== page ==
EchoStar 18 will maneuver itself to an orbital perch at 110 degrees West in Geostationary Orbit from where the satellite can deliver services to the Continental United States, Alaska, Hawaii, Puerto Rico and Hawaii.
The satellite hosts 78 high-power Ku-Band transponders, 61 of which will be in use at any given time to deliver up to 169 simultaneous active channels. Under operation by Dish Network, the spacecraft’s payload exclusively uses spotbeam technology to deliver Direct To Home television services to a customer base of nearly 14 million.
BRISat, the Bank Rakyat Indonesia Satellite, is the first dedicated satellite for banking purposes, set to deliver reliable communications services to BRI’s 11,000 bank branches across the Indonesian Islands as well as connecting 237,000 electronic channel outlets. The 3,540-Kilogram satellite hosts a hybrid communications payload comprised of 9 Ku-Band transponders and 36 C-Band transponders, designed to meet public demand for access to easy, safe and fast banking products, no longer relying on terrestrial connectivity between Indonesia’s islands.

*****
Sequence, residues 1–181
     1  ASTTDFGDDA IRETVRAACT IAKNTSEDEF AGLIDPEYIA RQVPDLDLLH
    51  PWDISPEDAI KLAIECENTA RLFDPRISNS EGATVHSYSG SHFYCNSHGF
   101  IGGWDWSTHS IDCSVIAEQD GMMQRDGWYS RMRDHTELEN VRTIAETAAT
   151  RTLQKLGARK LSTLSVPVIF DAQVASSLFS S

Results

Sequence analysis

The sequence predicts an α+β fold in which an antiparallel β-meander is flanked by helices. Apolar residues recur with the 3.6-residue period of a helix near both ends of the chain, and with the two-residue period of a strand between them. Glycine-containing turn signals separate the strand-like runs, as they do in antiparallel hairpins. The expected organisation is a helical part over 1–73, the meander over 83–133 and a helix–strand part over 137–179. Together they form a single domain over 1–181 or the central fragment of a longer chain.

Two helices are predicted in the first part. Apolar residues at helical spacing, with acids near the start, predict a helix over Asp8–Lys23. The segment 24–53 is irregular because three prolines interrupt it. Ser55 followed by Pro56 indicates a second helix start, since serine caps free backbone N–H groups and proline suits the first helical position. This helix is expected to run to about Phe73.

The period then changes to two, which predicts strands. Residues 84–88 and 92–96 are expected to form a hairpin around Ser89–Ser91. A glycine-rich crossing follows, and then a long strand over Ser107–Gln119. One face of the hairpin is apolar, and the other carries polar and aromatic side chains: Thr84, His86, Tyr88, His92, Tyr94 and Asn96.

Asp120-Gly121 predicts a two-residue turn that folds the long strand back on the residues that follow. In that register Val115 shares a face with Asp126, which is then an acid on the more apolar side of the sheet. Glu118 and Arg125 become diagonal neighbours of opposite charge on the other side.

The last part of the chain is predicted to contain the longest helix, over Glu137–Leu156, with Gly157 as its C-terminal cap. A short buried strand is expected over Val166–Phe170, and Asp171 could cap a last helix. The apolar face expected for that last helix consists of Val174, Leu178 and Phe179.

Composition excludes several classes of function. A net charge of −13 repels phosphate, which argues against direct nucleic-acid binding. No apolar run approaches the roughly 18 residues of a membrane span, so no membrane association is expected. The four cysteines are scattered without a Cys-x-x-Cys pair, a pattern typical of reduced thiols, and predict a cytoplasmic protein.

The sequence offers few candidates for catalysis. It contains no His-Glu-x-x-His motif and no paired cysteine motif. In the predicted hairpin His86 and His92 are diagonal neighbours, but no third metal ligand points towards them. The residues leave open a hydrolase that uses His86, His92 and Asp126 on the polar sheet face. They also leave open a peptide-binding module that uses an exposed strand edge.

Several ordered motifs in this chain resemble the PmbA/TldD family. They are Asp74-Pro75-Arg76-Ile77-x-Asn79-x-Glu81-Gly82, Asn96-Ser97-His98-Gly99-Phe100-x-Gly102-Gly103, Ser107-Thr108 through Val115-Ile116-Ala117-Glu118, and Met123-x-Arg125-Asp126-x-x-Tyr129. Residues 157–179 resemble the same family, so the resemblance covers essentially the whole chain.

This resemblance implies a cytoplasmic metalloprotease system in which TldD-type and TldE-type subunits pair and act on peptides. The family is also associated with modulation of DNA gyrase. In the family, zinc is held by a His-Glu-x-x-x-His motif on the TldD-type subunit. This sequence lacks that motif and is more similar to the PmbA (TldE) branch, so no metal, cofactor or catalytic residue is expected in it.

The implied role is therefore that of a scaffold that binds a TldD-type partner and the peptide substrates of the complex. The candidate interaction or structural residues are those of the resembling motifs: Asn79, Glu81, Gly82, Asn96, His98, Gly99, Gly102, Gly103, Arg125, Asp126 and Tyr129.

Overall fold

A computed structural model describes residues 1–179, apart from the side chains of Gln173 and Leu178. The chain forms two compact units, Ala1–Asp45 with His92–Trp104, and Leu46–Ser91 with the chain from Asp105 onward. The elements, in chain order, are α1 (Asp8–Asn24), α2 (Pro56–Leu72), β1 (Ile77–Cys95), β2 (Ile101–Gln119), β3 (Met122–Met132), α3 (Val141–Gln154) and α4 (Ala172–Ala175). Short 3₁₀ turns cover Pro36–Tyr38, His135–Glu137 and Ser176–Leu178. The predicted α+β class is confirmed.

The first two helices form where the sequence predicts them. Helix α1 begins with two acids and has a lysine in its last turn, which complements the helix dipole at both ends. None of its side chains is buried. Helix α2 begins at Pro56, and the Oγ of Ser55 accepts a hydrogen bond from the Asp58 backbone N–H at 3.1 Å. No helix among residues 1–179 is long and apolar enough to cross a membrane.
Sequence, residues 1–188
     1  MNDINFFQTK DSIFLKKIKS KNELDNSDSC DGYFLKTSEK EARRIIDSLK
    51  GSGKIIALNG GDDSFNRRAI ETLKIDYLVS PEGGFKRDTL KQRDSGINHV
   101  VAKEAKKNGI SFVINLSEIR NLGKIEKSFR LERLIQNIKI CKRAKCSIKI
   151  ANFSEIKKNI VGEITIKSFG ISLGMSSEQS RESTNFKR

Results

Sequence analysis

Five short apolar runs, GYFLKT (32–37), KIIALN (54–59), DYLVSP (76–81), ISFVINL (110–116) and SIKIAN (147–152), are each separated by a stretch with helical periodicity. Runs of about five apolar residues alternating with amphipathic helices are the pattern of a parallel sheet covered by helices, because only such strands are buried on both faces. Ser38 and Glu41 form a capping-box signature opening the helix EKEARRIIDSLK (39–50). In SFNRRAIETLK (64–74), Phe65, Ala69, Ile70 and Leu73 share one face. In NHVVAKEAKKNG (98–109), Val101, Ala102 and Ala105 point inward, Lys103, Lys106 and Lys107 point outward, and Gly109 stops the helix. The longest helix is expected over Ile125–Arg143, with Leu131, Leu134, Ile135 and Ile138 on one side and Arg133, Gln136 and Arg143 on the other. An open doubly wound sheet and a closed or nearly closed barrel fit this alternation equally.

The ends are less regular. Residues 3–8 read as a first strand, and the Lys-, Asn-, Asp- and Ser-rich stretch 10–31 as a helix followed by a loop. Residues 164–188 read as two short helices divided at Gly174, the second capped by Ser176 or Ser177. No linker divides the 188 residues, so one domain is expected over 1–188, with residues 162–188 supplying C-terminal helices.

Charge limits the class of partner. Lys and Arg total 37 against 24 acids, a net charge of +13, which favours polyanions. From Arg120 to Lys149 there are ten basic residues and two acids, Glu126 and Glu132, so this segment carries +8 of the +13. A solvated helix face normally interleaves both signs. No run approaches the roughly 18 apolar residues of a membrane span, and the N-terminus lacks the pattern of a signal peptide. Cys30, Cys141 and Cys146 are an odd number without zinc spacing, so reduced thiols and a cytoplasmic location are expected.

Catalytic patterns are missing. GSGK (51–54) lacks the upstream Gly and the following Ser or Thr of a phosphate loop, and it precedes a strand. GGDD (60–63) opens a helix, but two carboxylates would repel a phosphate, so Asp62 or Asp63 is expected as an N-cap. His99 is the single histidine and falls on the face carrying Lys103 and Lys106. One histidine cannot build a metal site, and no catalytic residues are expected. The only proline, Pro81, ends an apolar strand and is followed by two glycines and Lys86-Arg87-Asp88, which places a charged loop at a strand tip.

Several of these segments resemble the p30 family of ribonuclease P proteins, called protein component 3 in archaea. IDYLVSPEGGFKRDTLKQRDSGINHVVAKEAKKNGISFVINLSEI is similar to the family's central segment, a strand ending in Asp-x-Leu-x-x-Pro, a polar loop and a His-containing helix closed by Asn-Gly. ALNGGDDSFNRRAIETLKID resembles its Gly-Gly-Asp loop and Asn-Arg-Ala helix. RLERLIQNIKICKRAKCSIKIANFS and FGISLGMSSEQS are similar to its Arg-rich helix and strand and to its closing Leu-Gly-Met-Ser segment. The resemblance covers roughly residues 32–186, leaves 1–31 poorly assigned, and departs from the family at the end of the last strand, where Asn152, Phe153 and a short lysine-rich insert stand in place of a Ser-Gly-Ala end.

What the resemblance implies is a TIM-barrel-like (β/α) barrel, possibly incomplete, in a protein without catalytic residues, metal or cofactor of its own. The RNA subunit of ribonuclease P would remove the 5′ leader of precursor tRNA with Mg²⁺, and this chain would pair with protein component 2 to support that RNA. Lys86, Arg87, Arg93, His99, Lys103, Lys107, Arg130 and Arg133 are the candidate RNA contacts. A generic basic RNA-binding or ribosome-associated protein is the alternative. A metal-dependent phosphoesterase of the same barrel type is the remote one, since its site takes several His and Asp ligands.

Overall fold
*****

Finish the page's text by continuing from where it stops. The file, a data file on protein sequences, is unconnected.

BRI currently plans only to use 18 transponders of the satellite’s payload with an additional four operated by the Indonesian government for a variety of purposes. The spacecraft will take up station at 150.5 degrees East from where it can deliver coverage to the Asia-Pacific Region.
Saturday’s launch marked the 86th flight of the Ariane 5 rocket and involved the 533rd and 534th satellites orbited by Arianespace in the company’s 36-year history.
The next Ariane 5 mission is currently on the books for August 24, carrying the Intelsat 33E and Intelsat 36 satellites.